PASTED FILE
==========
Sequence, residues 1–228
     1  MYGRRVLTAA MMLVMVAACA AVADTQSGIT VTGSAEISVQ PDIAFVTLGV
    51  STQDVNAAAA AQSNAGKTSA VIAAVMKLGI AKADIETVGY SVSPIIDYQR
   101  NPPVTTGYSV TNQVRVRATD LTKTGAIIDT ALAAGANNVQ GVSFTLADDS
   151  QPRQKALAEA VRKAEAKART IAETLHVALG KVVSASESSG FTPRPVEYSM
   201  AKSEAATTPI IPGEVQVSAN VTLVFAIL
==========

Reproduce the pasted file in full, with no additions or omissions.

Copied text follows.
Sequence, residues 1–228
     1  MYGRRVLTAA MMLVMVAACA AVADTQSGIT VTGSAEISVQ PDIAFVTLGV
    51  STQDVNAAAA AQSNAGKTSA VIAAVMKLGI AKADIETVGY SVSPIIDYQR
   101  NPPVTTGYSV TNQVRVRATD LTKTGAIIDT ALAAGANNVQ GVSFTLADDS
   151  QPRQKALAEA VRKAEAKART IAETLHVALG KVVSASESSG FTPRPVEYSM
   201  AKSEAATTPI IPGEVQVSAN VTLVFAIL